Second, we should be particularly solicitous in cyberspace of mechanisms that, like pseudonymous speech, can serve as vehicles for investment in reputational capital. Cyberspace resembles a "state of nature" in many respects, notably in the absence of effective centralized mechanisms for the enforcement of legal rules,(56) and, as Rubin has persuasively argued, in such an environment institutions that allow "firms" (i.e., collective entities of various kinds) to accumulate and protect reputational capital are of paramount importance.(57)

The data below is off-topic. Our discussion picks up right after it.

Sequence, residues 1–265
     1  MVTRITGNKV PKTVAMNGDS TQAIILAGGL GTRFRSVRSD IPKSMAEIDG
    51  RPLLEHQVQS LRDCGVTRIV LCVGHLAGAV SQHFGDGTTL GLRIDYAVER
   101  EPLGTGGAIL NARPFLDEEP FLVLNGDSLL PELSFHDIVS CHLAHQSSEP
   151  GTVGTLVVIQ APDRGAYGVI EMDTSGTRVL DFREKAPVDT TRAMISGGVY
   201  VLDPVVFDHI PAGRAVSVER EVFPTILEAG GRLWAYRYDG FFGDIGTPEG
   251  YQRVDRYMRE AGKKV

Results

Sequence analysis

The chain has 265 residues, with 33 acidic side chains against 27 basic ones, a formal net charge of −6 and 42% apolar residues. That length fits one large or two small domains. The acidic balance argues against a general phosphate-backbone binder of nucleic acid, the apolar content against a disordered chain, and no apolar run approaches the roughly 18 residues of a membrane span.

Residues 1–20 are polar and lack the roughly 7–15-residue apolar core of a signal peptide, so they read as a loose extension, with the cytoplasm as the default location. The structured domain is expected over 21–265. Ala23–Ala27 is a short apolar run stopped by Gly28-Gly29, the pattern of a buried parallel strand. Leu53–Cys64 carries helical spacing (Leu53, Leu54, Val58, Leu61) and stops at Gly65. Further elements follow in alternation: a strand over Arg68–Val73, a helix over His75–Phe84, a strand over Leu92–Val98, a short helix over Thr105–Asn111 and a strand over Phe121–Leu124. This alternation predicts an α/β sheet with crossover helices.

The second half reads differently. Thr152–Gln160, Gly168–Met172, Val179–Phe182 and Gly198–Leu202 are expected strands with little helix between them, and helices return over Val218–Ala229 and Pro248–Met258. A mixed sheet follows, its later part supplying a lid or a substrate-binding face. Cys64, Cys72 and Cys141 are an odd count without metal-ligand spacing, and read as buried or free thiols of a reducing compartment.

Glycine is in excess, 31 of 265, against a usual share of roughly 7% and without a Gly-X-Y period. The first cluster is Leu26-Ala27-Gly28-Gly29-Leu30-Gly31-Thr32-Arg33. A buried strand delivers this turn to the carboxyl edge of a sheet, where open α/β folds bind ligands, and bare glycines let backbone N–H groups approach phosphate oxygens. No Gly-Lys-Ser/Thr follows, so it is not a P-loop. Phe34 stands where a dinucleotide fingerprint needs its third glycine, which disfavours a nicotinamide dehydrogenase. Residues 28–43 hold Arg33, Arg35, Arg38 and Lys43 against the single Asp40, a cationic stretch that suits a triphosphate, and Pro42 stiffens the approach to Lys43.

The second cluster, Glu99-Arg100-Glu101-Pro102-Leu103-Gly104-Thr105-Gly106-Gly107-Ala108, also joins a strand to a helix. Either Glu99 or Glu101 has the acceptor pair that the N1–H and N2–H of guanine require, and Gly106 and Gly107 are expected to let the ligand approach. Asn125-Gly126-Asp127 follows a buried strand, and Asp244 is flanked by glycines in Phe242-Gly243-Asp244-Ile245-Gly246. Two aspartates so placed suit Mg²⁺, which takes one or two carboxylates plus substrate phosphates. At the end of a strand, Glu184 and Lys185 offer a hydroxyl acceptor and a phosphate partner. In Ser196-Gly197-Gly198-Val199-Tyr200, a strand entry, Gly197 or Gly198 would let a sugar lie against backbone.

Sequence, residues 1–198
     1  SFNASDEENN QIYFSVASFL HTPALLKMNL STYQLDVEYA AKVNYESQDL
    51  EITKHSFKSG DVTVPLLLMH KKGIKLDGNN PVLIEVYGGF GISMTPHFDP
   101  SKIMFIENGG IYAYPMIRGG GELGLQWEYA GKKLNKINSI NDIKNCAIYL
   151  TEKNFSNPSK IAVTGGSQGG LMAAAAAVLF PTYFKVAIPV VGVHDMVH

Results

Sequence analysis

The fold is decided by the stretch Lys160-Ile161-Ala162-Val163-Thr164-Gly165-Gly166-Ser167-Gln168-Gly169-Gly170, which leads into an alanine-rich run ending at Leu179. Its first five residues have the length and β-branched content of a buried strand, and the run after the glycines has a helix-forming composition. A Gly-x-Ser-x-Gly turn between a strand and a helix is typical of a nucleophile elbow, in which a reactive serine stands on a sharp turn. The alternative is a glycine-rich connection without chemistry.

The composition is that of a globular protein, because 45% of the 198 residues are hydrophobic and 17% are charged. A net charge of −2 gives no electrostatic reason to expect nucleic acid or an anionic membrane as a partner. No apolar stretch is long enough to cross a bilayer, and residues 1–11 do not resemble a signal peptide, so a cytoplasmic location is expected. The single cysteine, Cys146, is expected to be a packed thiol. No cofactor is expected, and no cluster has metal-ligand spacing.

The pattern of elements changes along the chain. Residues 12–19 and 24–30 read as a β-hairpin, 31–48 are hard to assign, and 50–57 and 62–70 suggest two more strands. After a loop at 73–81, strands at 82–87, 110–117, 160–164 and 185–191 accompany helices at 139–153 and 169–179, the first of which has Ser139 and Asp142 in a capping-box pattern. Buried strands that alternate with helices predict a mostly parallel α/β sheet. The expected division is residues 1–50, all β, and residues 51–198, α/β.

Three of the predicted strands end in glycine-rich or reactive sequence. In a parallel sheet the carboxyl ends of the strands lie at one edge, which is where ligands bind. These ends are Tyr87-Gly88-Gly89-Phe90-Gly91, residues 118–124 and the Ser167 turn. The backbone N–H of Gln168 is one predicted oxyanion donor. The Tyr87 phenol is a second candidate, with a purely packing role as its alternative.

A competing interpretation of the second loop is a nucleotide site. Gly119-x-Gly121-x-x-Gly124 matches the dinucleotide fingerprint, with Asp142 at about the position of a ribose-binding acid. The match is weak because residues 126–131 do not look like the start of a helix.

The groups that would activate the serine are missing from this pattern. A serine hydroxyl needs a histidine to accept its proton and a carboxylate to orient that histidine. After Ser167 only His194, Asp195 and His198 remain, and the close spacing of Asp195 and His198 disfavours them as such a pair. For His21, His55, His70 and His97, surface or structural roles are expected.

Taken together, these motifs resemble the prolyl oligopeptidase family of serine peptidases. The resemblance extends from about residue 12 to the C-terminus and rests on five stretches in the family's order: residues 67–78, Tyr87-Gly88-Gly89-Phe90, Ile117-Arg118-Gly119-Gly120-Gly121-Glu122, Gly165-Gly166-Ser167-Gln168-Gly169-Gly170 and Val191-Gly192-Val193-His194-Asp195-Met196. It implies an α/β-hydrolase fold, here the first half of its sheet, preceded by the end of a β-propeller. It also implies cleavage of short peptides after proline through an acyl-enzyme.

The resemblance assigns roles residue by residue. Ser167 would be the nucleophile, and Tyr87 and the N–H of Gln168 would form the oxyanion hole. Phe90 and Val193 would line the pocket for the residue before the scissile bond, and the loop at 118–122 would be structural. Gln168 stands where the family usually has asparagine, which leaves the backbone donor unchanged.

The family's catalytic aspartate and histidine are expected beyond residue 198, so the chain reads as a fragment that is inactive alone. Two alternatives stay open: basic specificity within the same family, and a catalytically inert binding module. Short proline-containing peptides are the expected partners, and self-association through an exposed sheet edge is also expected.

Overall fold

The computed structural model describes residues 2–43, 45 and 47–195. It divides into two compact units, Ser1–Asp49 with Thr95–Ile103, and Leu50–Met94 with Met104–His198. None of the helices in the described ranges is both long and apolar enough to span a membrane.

Note also that pseudonymity functions as a limitation on participants' liability in another way: by speaking through a pseudonym (and, again, to the extent, but only to the extent, that the pseudonym is an untraceable one), the intangible personal assets of the speaker or speakers -- their own private reputations and the constellation of personal characteristics associated with their true identities -- are shielded from any damage or diminution resulting from the action of the pseudonymous entity. The storehouse of intangible reputational capital of that entity -- "Publius" -- may become depleted without any effect on Alexander Hamilton's reputation, and vice versa. One characteristic of reputational capital, or the privacy interests that may be affected by disclosure of individual identity, is that the value that they possess for the individual is not easily transferable to third parties; it may not, for example, be possible to draw on the reservoir of reputational capital belonging to the individual participants in a pseudonymous entity for the purpose of compensating anyone who might have been harmed by that entity's actions. If you have been harmed by the actions taken by, say, the pseudonymous entity Cancelmoose, disclosure that Cancelmoose is actually Johan Helsingius, the proprietor of a well-known anonymous remailer in Finland, and Mother Teresa, acting in concert, will not, standing alone, compensate you for that harm. That disclosure may, however, damage the reputational capital that those two individuals can draw upon in their other efforts, and it may persuade others that the risk of participating in enterprises of this kind is not worth the possible cost to their own reputations or privacy interests, but those costs are not paid over to you as the aggrieved party. In some circumstances, of course, this information may be of instrumental value in obtaining that compensation by allowing you to locate the responsible actors and to proceed against them as individuals; but in other circumstances -- if, for example, you are unable to obtain jurisdiction over the individual participants whose identities have been revealed, or there is no cause of action for the harm you have suffered under the laws of the jurisdiction in which they are located -- it will not, and the loss of value associated with the disclosure of this information is not matched by any corresponding gain to the aggrieved party. This calls for an exploration of alternative traceability rules(58) that can perhaps be carefully drawn to maximize the likelihood of compensating victims of unlawful conduct -- such as third party insurance or bonding requirements that allow redress to be achieved without exposing participants' personal identities to risk(59) -- while simultaneously minimizing the losses that may be attendant upon disclosure. Protecting the valuable "limited liability" features of pseudonymity need not, in other words, necessarily mean that harms imposed on third parties by pseudonymous entities must go unredressed.